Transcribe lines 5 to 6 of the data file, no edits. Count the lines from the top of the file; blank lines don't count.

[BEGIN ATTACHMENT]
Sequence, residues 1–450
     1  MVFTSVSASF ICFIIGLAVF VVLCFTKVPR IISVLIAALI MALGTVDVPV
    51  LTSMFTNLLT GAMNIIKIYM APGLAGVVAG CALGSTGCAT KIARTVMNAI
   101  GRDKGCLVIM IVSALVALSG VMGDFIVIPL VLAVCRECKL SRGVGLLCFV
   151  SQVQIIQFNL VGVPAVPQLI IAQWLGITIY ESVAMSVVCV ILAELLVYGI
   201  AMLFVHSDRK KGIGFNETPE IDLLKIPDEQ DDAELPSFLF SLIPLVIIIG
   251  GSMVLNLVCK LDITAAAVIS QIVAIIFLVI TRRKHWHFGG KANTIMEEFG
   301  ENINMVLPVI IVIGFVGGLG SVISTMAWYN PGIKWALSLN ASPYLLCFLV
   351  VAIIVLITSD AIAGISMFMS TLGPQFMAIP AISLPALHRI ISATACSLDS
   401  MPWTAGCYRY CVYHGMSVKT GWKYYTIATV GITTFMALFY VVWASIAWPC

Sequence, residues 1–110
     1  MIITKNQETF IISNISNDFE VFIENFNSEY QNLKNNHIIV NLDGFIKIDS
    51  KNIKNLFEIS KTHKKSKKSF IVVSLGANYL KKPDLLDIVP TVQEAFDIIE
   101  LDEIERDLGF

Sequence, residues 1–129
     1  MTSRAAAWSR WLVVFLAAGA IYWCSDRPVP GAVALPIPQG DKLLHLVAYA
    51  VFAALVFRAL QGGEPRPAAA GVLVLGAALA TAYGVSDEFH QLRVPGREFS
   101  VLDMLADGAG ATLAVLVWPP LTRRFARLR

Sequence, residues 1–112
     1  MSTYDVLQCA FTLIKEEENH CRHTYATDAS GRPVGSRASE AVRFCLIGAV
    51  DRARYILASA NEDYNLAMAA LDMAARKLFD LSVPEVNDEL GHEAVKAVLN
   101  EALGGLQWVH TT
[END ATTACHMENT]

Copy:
   151  SQVQIIQFNL VGVPAVPQLI IAQWLGITIY ESVAMSVVCV ILAELLVYGI
   201  AMLFVHSDRK KGIGFNETPE IDLLKIPDEQ DDAELPSFLF SLIPLVIIIG